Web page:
A post-seasonal editorial.
[The opinions expressed here are the author’s own. Special thanks to Charles D. Cohen and Patrick Brough for their contributions to this post.]
The story has been around for years. Supposedly the Town (now City) of Easthampton and Mount Tom were Dr. Seuss’s inspiration for Whoville and Mt. Crumpit in the classic children’s book, How the Grinch Stole Christmas. Back in 2009, a surge in the currency of this suburban legend prompted me to ask a friend, Charles D. Cohen, whether there was any legitimacy to the story. It was not an idle question; Dr. Cohen is Theodor Geisel’s biographer (The Seuss, the Whole Seuss, and Nothing But the Seuss: A Visual Biography of Theodor Seuss Geisel, Random House, 2004) and possibly the leading authority on All Things Seuss. Dr. Cohen responded,
The first thing I should point out is that whether you have the Grinch atop Mt. Crumpit, or King Derwin on his mountain looking down into the valley where Bartholomew Cubbins lived, or Yertle sitting on top of a skyscraper of turtles, there are plenty of similar images in Ted Geisel’s work. However, I’m not familiar with the notion that the Grinch story was based on something involving Mt. Tom specifically.
I do know that Ted had visited Mt. Tom — his senior picnic was held there on 09/23/1920. And he did have an uncanny memory for images. But I’m not aware of anything special that ever happened to him involving Mt. Tom that would be the genesis for the Grinch story.
In fact, in How the Grinch Stole Christmas! A 50th-Anniversary Retrospective (Random House, 2007), I believe that my contention was that the Grinch living on a mountain looking down on the village below was reflective of Ted Geisel living atop Mt. Soledad and looking down on the village of La Jolla down below. We know that the Grinch was modeled on Ted, himself. For example, in the book and in the 1966 cartoon, the Grinch says, “For fifty-three years I’ve put up with it now! I MUST stop this Christmas from coming! . . . But HOW?” The book was published in 1957, when Ted, not coincidentally, was 53 years old. There are several other bits of information on this subject in my retrospective, but that should give you the idea.
That apparently satisfied my interest at the time. But a few weeks ago, the story reasserted itself. This time it spread rapidly on Facebook. Suddenly, Easthamptonites wanted to celebrate. Shortly before Christmas there was a well-attended rally on the Town Common, attended by a number of city politicians and the green fellow himself, apparently in competition with Santa Claus.
The best I can say is that it was good for local business, people were enjoying themselves, and it was probably harmless. Why they would want the distinction of living in Whoville, I don’t know. I’m reminded of the joy in Springfield, Vermont, a few years ago when, following a competition among several Springfields, the town was designated the model for the city of Springfield in The Simpsons. It didn’t seem entirely complimentary . . . although I’m told that doughnut sales soared.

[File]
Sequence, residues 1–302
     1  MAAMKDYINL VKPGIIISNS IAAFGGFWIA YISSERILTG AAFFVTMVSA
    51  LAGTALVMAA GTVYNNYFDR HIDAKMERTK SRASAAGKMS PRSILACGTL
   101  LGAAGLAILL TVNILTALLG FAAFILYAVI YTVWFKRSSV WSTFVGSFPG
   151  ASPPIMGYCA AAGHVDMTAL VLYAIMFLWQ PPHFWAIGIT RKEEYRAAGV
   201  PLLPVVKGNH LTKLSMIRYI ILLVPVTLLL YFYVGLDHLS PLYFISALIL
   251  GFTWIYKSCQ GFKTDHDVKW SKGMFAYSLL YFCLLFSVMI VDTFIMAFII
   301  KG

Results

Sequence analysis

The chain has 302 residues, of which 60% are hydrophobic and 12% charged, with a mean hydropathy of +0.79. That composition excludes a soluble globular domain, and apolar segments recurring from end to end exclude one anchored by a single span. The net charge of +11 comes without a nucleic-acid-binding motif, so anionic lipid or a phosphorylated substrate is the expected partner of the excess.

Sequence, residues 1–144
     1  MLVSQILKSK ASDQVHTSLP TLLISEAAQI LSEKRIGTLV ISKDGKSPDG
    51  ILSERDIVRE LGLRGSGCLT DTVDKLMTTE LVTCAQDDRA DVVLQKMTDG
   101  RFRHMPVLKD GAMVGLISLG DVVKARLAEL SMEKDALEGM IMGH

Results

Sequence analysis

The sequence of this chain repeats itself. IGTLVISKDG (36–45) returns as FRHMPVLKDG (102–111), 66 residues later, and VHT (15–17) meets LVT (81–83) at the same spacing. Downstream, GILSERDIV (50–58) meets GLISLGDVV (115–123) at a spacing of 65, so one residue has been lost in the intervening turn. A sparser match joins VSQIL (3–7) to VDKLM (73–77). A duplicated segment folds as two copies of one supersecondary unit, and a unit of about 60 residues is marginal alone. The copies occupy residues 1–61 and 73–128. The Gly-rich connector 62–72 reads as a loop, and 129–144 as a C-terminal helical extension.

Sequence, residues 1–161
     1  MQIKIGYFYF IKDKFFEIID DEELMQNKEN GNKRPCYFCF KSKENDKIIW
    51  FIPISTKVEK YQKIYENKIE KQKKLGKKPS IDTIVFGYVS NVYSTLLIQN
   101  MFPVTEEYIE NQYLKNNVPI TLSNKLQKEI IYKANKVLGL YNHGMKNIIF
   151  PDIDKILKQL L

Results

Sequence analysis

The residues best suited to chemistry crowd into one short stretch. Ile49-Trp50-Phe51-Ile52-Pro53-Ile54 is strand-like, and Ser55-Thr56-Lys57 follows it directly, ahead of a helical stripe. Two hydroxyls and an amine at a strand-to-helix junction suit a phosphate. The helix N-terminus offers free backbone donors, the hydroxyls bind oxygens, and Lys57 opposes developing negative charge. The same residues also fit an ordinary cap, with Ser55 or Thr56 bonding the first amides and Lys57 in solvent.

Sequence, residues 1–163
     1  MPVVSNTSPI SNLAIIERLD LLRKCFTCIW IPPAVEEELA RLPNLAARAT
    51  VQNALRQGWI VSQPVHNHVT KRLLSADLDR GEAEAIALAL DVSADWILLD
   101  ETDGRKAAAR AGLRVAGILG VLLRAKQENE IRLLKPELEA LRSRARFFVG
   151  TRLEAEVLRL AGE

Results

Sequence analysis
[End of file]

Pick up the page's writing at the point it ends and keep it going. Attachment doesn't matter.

But something about claiming a rumor as historic fact didn’t sit well. So I wrote Charles Cohen again, initially seeking permission to use the quote earlier in this article, but also wondering if any new information, confirmational or not, had come to light. His response:
The Mt. Tom story still is no truer today than it was last time we corresponded, but I do have a bit more.
Dr. Cohen continued,
I should start by explaining that the reason I got involved in the field of Seuss scholarship was specifically because of the large amount of misinformation I saw. So this Mt. Tom claim is not surprising. In fact, it isn’t even the only rumor that puts a local claim on the origin of How The Grinch Stole Christmas.
One story, from at least 2007, alleges that Ted applied to the University of Virginia three times and was denied entrance on each occasion. Supposedly he eventually bought a large house on a mountain above the school so that he could always “look down” on it. Students at UVA are called Wahoos, and the campus is sometimes called Hooville, theoretically leading to Ted’s Who-ville. Some Virginia kids are apparently even taught that version in school. In 2009, a message was sent to the urban legend debunking site snopes.com, in which a parent described that story as having been told to their son by his 7th grade social studies teacher.
For the record, Ted graduated from high school on January 26, 1921 and began classes at Dartmouth College on September 22, 1921. That doesn’t exactly leave time for him to have applied to, and been rejected by, UVA three times.
Many people seek a commonality with those who have achieved wealth and/or notoriety. The quirk of human nature that causes folks to follow a Kardashian on Twitter also tempts them to look for local connections to famous people. Since Ted grew up in Springfield, there is even more of a reason for people to associate him with their environs. It’s the same impulse that causes people to erroneously claim that Ted, or one of his relatives, lived at 51 Mulberry Street (a rumor that I’ve traced back to 1992).
The dynamic of looking down from a great height on those below is one that Ted used a number of times. There are also a variety of instances from his personal life in which Ted may have looked down from a mountain at a town below. Due to his uncanny (and unconscious) memory for images, it is theoretically possible that any (or all) of these views might have influenced his writing. You originally asked me about the Mt. Tom story in February 2009, and I’ve traced it back to at least to a 12/15/2005 posting on Masslive.com. However, there is no reason to believe that the view from Mt. Tom had any specific correlation with How The Grinch Stole Christmas.
The first two illustrations in The 500 Hats of Bartholomew Cubbins (1938) show that same dynamic from two different perspectives–first King Derwin’s view from above and then Bartholomew’s view from below. One could just as easily claim that this setting was based on a view from Mt. Tom. But there wasn’t anything particularly memorable in Ted’s history that involved that peak or Easthampton. The only relation between Mt. Tom and Ted Geisel that I’ve seen is that his high school class’s senior picnic was held there on September 23, 1920 — eighteen years before The 500 Hats was published. Ted visited Germany less than two years before that publication, and I can make a much more convincing argument that the set up in the Kingdom of Didd was based on the Hegau mountains in Baden-Württemberg, Germany—most likely Hohenkrähen, perhaps with a bit of Der Mägdeberg added in.